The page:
Dr. Marla Delgado-Guerrero describes herself as a product of mentorship, and with her new role as the head of the UW-Madison Posse program, she aims to allow more students to have access to the support that she did.
The UW Posse program is the Madison-based outlet of an organization that works with many universities across the country to bring them access to high-achieving students from underprivileged backgrounds. The program aims to allow these students to get the attention of admissions officers they otherwise wouldn’t and strives to set them up for success by assigning them a “posse” of students from their city to interact with at the university they attend.
“Having a mentor to help guide you and help provide that support can just really help with graduation retention rates,” says Dr. Delgado Guerrero, when describing what drew her back into the Posse program. She served as a mentor to the Posse group from Chicago at UW-Madison from 2007-2009. She says she’s excited to return to not only the Posse program, but the UW-Madison campus, where she earned her undergraduate and graduate degrees culminating in her Ph.D.
While her Ph.D. is in counseling psychology, the first degree that Dr. Delgado Guerrero earned from UW was a bachelor’s degree in journalism. She notes that it may seem like a big leap from journalism to counseling psychology, but she owes her eventual successes to the mentors who guided her throughout her educational journey. They guided her to programs they thought would work best for her, and encouraged her to explore what she was passionate about.
As her work has progressed and she’s worked in different capacities, including full-time at Marquette University Counseling Center for the past seven years, she’s realized that she too could be a resource for other BIPOC students in higher education. Dr. Delgado Guerrero described being sought out at Marquette by BIPOC students, who were eager to connect with her. One student, in particular, mentioned, “I didn’t know a Latina psychologist existed. I’ve only heard about white therapists and I’ve only seen white therapists. I did not know there was a Latina psychologist.”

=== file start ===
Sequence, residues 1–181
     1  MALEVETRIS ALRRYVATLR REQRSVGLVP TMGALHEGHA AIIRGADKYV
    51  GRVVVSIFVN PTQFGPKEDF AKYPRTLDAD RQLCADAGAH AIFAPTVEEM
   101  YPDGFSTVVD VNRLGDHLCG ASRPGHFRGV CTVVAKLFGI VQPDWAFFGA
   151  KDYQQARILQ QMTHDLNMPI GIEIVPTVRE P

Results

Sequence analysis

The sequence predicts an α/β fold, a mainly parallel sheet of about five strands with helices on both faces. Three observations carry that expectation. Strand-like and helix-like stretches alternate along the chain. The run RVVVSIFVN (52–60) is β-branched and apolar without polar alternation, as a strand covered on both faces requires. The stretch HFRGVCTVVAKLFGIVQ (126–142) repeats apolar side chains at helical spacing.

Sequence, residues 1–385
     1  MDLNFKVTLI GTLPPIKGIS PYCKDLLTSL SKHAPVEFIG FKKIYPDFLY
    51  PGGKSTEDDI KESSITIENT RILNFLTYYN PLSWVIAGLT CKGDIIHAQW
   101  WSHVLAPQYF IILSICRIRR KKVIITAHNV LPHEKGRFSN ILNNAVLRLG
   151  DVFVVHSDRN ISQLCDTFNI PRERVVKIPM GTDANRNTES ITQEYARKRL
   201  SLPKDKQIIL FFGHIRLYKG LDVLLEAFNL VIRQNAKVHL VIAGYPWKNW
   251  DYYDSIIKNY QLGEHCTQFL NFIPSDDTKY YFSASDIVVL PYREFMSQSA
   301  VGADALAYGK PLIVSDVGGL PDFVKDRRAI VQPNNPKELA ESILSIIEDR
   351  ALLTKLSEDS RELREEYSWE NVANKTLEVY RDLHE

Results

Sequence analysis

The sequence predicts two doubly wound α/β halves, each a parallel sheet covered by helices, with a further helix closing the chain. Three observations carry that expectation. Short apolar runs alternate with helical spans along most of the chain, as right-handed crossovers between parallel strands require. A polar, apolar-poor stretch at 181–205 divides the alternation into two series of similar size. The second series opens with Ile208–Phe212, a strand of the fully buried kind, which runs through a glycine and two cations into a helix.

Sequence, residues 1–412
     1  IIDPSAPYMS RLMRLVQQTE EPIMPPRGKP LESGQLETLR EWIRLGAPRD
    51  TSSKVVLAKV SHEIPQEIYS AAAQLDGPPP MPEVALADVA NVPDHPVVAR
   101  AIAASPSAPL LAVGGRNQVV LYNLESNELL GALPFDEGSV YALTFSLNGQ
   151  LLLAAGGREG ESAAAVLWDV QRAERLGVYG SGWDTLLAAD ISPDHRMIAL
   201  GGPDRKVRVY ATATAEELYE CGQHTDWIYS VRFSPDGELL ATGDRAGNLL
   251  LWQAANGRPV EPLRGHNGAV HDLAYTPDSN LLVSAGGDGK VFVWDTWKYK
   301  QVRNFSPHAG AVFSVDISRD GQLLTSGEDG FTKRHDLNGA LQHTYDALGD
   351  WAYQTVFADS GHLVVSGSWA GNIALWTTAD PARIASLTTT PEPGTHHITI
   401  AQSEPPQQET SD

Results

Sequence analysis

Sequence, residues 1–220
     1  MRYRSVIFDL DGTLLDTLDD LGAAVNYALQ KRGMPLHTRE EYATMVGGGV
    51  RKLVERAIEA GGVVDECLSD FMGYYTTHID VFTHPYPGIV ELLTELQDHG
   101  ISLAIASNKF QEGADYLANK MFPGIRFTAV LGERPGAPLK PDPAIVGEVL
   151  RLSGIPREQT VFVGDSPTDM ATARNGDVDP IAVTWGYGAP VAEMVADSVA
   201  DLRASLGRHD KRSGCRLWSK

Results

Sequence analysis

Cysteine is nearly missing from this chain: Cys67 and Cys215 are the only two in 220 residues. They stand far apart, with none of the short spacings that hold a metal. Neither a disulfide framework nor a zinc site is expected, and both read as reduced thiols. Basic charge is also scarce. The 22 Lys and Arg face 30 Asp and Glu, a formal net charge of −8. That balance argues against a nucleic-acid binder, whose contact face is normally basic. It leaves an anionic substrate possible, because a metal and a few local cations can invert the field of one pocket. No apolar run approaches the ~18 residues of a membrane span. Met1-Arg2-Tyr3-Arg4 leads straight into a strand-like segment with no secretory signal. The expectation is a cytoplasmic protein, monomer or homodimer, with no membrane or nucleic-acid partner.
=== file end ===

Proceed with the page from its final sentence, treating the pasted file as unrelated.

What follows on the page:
Dr. Delgado-Guerrero described that interaction as an “eye-opening” experience that brought clarity to the realization of how important cultural role models and representation can be to a student’s success.
Cultivating that kind of success is also a goal of the Posse program. Not only does the program help students garner the attention of admissions offices, it also grant students four-year full-tuition leadership scholarships to help fund their college education. The UW-Madison Posse program accepts students from four cities, New York, Los Angeles, Washington D.C., and Chicago, which is the most of any partner university in the program.
When asked about her hopes to expand to more cities, Dr. Delgado Guerro said that she wants to focus on the quality of the program for the students currently enrolled before thinking about expansion. “At the end of the day, for me, it’s always about quality over quantity,” she says, “I want to have quality cities, make sure our Posse scholars that are here are getting as much support as possible.”
Dr. Delgado-Guerrero wants everyone to know how excited she is to return to working with the Posse program. While she doesn’t know if her higher education experience would’ve been different had she been able to be involved in the program, she does believe that the program makes a huge difference for the scholars who are currently involved in it. She also notes that there’s a lot of love that goes into creating and maintaining the program, she describes them as a “family,” all working towards one goal: graduation. “Getting our students to graduation is showing that love, sometimes maybe tough love,” she says, “but we want to get them to that graduation, to that finish mark.”
After finishing up her first full week as director, Dr. Delgado-Guerrero has clear goals and hopes for her tenure with the program. “I want to ensure every single current Posse scholar on our campus feels like they have support and they know who to turn to,” she says. She mentioned earlier in the interview her focus on cultivating mental health care resources in her previous position at Marquette. Allowing students to have access to these resources is something that’s important to her, and something she wants to continue in her work with the Posse program.
With new leadership and commitment to further collaboration, the Posse program is looking forward to moving forward and serving many more students. Delgado-Guerrero says that connecting with more alumni will be a goal, “I want to be able to tap into those networks to help our current Posse scholars, find internships, find careers, find graduate schools post-graduation. And I think that our UW alumni Posse base could be a great place for them to start.”